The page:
The shad are a very finicky species and under stress they go through a thing called osmoregulation where they are forced to expend more energy unless salt is added to the water. The addition of salt inhibits this process and helps them sustain their energy levels and creates an anti-parasitic effect by maintaining their blood chemistry. Now that the salt ordeal is settled, the next thing I verify when I arrive at my location the tank temperature to help insure the shad maintain good health and reduce their stress levels. As little as a 10 degree change in water temperature can cause trauma so I keep a thermometer in the tank and an external one I test the waters with where I decide to fish.

If it is within 10 degrees, I will not add water to the tank from my fishing spot but if it isn’t, I will bucket water from the location into my tank until the water is within range. Now, onto the final steps before I can settle in to fish for the day. My bait basket is an 18-inch diameter by 15-inch deep cylindrical mesh floating basket that I carry with me to keep my bait in to allow them to acclimate to the water temp. I fill up a bucket with water and dip a few shad, shiners, or bream for testing out of the tank and take them with me in my floating basket. If I do not get a taker within the first few casts I will load up and move, if I am successful, you guessed it, I will haul a bucket of water back to my tank and fill it up with enough bait for the day.

Now, Who Said Bank Fishing for Bass With Live Bait Was Easy?

My go-to gear for targeting these gentle giants are spinning reels with braided line and fluorocarbon leaders paired with a variety of hooks. I have two main set-ups that I most frequently use. My first combo is a Penn Spinfisher V 4500 reel paired with 30-pound 8 strand braid and an 8-foot Penn Legion rod with an extra fast and extra-heavy action. Gamakatsu 4x strong live bait hooks. My second combo is a Pflueger President reel paired with 10-pound braid with Shimano Convergence medium-heavy 7-foot rod, and Owner mosquito hooks.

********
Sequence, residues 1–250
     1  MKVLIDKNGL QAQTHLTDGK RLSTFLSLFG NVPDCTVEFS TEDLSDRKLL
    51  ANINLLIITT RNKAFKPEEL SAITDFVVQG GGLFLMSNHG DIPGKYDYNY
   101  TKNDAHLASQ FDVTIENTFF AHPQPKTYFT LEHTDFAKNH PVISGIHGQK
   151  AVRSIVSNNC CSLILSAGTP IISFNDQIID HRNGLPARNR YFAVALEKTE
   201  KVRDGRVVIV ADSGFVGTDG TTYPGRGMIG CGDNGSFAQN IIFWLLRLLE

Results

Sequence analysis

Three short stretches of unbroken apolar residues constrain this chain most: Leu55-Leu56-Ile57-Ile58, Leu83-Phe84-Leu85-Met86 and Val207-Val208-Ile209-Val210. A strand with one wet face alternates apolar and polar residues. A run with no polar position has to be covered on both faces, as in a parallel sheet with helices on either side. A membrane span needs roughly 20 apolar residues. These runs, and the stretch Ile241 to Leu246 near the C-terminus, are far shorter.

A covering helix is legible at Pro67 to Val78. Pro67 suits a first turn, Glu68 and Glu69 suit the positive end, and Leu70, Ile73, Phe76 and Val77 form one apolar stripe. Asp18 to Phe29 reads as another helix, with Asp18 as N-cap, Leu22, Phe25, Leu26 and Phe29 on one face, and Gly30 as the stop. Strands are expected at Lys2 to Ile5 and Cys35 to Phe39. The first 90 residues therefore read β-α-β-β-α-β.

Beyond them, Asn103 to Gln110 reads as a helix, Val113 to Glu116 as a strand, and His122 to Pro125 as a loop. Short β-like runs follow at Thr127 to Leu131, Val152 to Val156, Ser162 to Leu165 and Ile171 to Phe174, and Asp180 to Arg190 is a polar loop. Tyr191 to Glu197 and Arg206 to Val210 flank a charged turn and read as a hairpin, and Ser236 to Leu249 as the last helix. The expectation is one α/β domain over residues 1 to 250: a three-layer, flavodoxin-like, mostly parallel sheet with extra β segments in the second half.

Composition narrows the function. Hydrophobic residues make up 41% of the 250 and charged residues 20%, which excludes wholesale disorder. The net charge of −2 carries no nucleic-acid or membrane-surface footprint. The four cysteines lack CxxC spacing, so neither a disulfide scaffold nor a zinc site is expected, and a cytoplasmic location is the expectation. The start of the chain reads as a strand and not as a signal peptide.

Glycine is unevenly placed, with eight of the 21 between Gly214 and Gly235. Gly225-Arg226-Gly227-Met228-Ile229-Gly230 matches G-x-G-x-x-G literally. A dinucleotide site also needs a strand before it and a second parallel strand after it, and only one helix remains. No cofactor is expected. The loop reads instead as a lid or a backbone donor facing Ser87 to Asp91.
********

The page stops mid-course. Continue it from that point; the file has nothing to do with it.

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I normally use a free line method and hook the bait through the nose since I fish current below hydroelectric dams most of the time.

I DO NOT hook the bait through the underside of the jaw through the nose because this restricts flow across the grills and the bait does not stay as active and dies quickly. Simply hooking through the nostrils keeps the bait lively and doesn’t create line twists, it also allows the bait to swim freely. If I am fishing in slack water, I will hook the bait through the back and use a bobber to help create resistance when the bait pulls on the float and I feel that resistance attracts the bigger fish. Each condition calls for slight changes just like any other type of fishing and as I have found over the years, there is something new to learn every day. I some cases I have used drop shot and Carolina rigs, but the most effective is the free line or float method.